3.  The first unintended burden is the application of the extended specified risk material controls in respect of sheep and goats to carcases of sheep and goats in storage on 1st January 1998 elsewhere than at licensed slaughterhouses or authorised cutting premises. Long term storage of these carcases other than at licensed slaughterhouses or authorised cutting premises was not identified during the consultation on the Principal Regulations, as such long term storage is not customary in the production and marketing to the consumer of sheep and goat meat, and the Ministry has only this week been made aware of one such premises and is now checking for others. The Ministry believes it is therefore necessary to ensure that the new controls do not apply unintentionally to such storage of carcases from animals already slaughtered when the Principal Regulations come into force.

4.  The other unintended burden relates to the prohibition in regulation 7 of the Principal Regulations. It applies unintentionally to food containing specified risk material, derived from animals slaughtered outside the United Kingdom, which is either a food not listed in Schedule 1 to the Specified Risk Material Order 1997 or which is such a food but was, or has ingredients containing specified risk material which were, imported in accordance with article 6 of that Order. Regulation 7 is amended to provide that the prohibitions in it do not apply to such food.

5.  Having identified the representative organisations substantially affected by the amendments the Ministry has consulted them rapidly on the Specified Risk Material (Amendment) Regulations 1997 to ensure that the Regulations can be made, laid before Parliament and brought into force in time to avoid the unintended application of these two burdens in the principal Regulations.

6.  The Ministry regrets that it has been necessary to break the twenty-one day rule in making these Regulations.

7.  The Committee will also wish to be aware of developments at European Community level in relation to SRM controls since the memorandum accompanying the Principal Regulations was prepared. The Commission proposed to the Standing Veterinary Committee on 15 December that application of Decision 97/534 (which was to have applied Community wide controls on the removal, use and import of SRM) be deferred from 1st January until 1st April 1998. This was accepted by a qualified majority of Member States (all save the UK voting for deferment), and the Decision referring the implementation date of 97/534 was adopted by the Commission on []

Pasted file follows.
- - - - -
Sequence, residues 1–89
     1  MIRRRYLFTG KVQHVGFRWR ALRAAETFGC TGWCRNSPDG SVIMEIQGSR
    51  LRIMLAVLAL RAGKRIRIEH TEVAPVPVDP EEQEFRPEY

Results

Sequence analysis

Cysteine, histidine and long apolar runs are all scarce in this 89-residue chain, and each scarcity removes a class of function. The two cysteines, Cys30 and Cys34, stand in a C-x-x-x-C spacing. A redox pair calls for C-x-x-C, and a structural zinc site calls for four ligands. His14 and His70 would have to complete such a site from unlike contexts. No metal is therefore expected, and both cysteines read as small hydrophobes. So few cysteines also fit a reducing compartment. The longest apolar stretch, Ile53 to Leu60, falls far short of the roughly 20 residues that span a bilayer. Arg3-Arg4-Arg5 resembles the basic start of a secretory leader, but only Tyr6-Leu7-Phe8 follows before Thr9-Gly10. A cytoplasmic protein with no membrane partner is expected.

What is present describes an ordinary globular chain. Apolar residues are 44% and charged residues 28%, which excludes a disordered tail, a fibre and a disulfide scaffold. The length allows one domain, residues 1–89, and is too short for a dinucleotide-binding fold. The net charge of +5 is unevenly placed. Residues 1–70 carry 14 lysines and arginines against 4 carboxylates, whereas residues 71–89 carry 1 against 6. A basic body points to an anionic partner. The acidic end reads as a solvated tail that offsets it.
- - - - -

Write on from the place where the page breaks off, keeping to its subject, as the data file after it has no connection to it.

8.  Speaker's Counsel has raised with Mr Fitch the question of to what extent the SRM Order and Regulations 1997 implement Community obligations. Since the implementation date of Decision 97/534 (imposing Community wide controls on SRM) has been deferred from 1 April 1998, the UK legislation is unilateral (except for the obligation to remove SRM from cattle slaughtered in the UK, which is required by Commission Decision 94/474/EC). The Ministry considers that the UK is entitled to adopt the legislation as an interim protective measure, taken on serious public health grounds, in accordance with the safeguard procedure (article 9(1)) penultimate paragraph) of Council Directive 89/662/EEC (concerning veterinary checks on intra-Community trade in products of animal origin). The Committee may be interested to know that some other Member States (certainly France) are also taking unilateral action. The measures have been notified to the Commission and other Member States in accordance with Article 9(1) of Directive 89/662, and also as technical standards under the Technical Standards Directive 83/189/EC.

19th December 1997

Memorandum by the Ministry of Agriculture, Fisheries and Food




This memorandum is in response to the Committee's request for a memorandum on the following points -

    (1) Explain when these instruments were published, and the reason for any delay in publication. If the instruments were published after they came into force, explain what steps have been taken for the purpose of bringing them to the notice of the public or persons likely to be affected by them.

The earlier explanatory memoranda to the Committee explained why it was not possible to meet the 21-day rule in laying these instruments before Parliament. For the same reasons it was not possible to make early preparations for publication. It is also unfortunate that this coincided with the Christmas period. In addition, the original proof of the Specified Risk Material Order 1997 was mislaid by the printer.

Full texts of the legislation were placed on the Ministry's Internet sit on 17 December. They remain accessible in this form. In addition, copies were sent to enforcement authorities. Comprehensive details of the requirements of the legislation, including detailed guidance notes on the Specified Risk Material Regulations 1997, were sent to interested parties before Christmas.

      (2) Article 10(2) of the Order requires the Minister to approve premises for processing material if he is satisfied that -

      (a)  the operator has in place a [sufficient] tracing system; and

      (b)  does not pose a risk to human or animal health

      Identify the subject of "does not pose a risk".